Parks aren’t always built just so we can enjoy the trees. On Governor’s Island in New York City, a truly unique public space will bring nature back to a former military base–and it’s engineered to withstand the catastrophic storms that climate change will bring. It’s called The Hills, and in this documentary, we talk…
If you’re a Star Wars fan and an Uber user in New York City, you’re in luck. Get ready to pull out your phone and wait reluctantly by it for a #branded Dodge Charger Hot Wheels Storm Trooper Hellcat Uber to come your way.
This is the story — kept secret at the time, still largely unreported today — of how the most infamous disease in history broke into New York City in the midst of World War II. This is the story of the ominously-named “Wyoming matter,” and how it took me months to track down evidence it ever happened.
We’re living in an age of extremely ambitious urban technology. Floating pools that filter dirty river water. Artificial eco-habitats. And even green parks that sit under cities, nourished by actual sunlight literally piped down from above.
Without much fanfare—and as quietly as a construction project can be—a new neighborhood is taking shape on the west edge of Manhattan. It’s the largest private real estate project the US has ever seen. But neither its size or cost are what make it interesting.
It doesn’t take much to make some cities angry. But in London, a special kind of rage is flowing over a project that seems pretty unobjectionable: A footbridge over the River Thames. Why?
The tiny, constricting footprint of Manhattan is one of the things that turned it into a real estate juggernaut. At the same time, developers and futurists have dreamt of permanently expanding the city into the water around it. And they’re still trying.
Yesterday we looked at the great "fattening" of New York and all the parts that are built on what basically amounts to trash. But it turns out that parts of the city have also disappeared—and for a few decades, New York even had 13 grand north-south avenues, not 12.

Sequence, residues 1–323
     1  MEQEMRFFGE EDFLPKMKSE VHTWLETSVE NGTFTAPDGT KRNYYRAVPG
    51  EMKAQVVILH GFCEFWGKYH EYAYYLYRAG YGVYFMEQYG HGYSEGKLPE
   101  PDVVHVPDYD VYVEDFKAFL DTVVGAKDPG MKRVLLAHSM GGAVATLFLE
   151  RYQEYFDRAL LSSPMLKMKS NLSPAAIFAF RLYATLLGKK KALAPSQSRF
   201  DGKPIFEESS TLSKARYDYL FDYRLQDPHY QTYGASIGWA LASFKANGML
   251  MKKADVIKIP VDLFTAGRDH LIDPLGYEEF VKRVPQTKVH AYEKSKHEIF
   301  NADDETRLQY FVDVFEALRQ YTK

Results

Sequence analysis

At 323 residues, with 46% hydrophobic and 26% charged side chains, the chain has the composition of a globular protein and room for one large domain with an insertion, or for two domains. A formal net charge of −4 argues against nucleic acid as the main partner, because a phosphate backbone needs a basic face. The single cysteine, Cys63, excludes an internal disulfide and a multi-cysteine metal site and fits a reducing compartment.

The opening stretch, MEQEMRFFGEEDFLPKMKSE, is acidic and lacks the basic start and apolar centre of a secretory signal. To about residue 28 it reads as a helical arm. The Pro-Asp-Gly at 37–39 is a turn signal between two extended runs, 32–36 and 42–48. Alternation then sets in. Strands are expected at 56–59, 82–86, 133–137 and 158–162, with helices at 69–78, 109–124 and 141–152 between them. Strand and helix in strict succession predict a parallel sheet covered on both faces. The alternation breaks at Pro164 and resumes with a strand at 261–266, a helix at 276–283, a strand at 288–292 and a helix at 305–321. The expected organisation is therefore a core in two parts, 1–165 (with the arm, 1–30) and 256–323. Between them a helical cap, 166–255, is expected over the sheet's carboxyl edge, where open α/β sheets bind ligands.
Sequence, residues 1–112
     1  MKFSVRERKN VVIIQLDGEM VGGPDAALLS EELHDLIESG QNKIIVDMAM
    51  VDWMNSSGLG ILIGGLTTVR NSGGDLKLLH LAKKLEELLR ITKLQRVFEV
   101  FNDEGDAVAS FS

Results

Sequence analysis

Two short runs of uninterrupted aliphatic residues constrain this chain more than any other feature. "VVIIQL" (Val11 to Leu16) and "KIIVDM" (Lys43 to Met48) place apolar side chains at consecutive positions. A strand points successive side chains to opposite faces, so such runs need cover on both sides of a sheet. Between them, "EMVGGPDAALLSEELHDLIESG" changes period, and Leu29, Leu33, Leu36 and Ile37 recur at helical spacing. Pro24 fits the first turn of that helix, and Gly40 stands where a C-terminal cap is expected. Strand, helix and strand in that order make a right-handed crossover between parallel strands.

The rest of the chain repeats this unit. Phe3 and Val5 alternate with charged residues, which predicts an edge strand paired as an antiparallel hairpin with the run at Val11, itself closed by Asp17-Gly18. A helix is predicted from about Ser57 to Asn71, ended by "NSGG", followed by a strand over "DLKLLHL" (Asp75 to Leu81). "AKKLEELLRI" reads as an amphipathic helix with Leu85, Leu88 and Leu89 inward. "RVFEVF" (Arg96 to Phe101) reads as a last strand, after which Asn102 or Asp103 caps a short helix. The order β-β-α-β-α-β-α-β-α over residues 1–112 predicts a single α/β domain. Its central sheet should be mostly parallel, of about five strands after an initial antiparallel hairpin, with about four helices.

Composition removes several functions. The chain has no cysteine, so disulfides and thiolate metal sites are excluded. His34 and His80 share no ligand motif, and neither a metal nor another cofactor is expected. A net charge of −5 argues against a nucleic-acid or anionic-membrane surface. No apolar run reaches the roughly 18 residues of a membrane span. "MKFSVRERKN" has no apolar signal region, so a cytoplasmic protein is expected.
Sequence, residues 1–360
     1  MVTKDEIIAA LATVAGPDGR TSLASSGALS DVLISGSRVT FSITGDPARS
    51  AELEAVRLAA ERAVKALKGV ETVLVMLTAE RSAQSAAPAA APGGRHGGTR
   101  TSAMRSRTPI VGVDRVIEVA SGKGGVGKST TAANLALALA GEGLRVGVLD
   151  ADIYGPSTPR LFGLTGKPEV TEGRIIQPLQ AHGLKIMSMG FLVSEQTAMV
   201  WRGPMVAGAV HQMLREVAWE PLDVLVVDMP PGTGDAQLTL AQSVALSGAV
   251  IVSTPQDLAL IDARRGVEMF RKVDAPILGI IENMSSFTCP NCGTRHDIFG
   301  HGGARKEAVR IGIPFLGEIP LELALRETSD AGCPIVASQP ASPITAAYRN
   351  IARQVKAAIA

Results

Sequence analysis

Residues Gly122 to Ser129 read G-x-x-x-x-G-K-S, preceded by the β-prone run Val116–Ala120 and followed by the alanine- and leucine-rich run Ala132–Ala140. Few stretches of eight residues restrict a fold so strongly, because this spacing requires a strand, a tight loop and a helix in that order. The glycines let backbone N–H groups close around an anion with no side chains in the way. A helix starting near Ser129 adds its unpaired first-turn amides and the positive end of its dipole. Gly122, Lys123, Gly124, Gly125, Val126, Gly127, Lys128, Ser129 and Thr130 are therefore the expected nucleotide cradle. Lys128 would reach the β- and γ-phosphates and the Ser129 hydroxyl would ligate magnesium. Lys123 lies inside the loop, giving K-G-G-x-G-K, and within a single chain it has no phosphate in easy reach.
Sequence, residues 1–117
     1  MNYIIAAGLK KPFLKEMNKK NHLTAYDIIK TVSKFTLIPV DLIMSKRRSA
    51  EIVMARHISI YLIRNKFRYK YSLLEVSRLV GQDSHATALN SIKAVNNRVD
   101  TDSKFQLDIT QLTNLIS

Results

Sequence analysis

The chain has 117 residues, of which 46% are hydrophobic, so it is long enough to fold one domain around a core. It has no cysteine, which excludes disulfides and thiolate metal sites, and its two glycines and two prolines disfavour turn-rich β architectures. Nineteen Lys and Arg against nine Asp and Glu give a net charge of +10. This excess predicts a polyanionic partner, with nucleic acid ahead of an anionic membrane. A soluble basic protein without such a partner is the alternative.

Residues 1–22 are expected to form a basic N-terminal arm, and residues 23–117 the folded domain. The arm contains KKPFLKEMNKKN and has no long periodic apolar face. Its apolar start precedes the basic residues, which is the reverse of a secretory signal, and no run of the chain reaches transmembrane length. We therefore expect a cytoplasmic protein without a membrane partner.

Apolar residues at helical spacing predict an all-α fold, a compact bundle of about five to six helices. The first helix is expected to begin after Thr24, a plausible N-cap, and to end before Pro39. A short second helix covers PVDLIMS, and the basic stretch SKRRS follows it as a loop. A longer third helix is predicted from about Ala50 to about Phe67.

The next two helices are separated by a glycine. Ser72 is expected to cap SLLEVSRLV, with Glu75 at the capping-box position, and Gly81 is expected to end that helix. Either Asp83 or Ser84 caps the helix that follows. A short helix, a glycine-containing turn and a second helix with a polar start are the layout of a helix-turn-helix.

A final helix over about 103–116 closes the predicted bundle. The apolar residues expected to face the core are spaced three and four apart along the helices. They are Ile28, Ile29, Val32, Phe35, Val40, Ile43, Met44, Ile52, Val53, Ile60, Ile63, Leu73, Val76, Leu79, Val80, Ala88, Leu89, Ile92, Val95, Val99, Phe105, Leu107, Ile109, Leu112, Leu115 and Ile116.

A Really Greater New York. That was the title of the 1911 proposal by an engineer and planner who imagined paving over massive amounts of New York Harbor to make room to build the New York of the future. Oh, you like the East River and would miss it? Too damn bad!
How far do New Yorkers walk to get to their nearest subway station? Ben Wellington calculated the distance from each of Manhattan's station entrances to every one of the borough's residential buildings, and found the Manhattan address with the longest subway-schlep of all.
You know what seems like a bad idea? Blaring Star Wars' famous "Imperial March" theme from your New York City police car, while patrolling at night. This is probably why the NYPD is less than thrilled that a New York City police car keeps blaring the "Imperial March" during its night patrols.
If somebody went and made kvetching an organized sport, New Yorkers would no doubt be among the game's most preternaturally gifted bellyachers. But what, exactly, would they complain about?
This video is a bit slow to start, but those who hold out for the 30-second mark will be richly rewarded. What an absolutely stunning use of the timelapse medium. Filmmaker Jamie Scott describes his process:
3d artist and motion designer JR Schmidt wins some serious points on detail for using maps, satellite data, and images like the one below to "set the elevation and color of the blocks" comprising his (digitally rendered) LEGO-fied New York City. Someone needs to bring this project to fruition. It would easily be some…
Ten years ago today, Chicago developer J. Paul Beitler — who once aspired to build the world's tallest building — told The Chicago Tribune that governments would cease to approve plans for skyscrapers, for fear that they would become "magnets for future terrorism."
A stone's throw away from Manhattan, Bronx, and LaGuardia Airport sits North Brother Island, an one-time quarantine facility that housed infectious individuals like "Typhoid" Mary Mallon. The island has since been exiled from the surrounding metropolis and left to nature.
Urban explorers from Undercity took their cameras down below and into NYC's century old sewer systems, abandoned subway stations, and inside the Lincoln Tunnel to see the remnants of the society of tunnel folk. Watch what they uncovered.
In the early 1900s, Dr. T. Kenard Thomson proposed increasing NYC's property value by creating a land bridge between Manhattan and Brooklyn, building an island off the Jersey shore, and constructing a "New Manhattan" directly below the old one.
In the 1920s, South Edgemere in Queens was a thriving summertime destination replete with bungalows and a boardwalk. Nowadays, these 20 or so unused blocks have been abandoned to seaside squatters and gangs of wild dogs.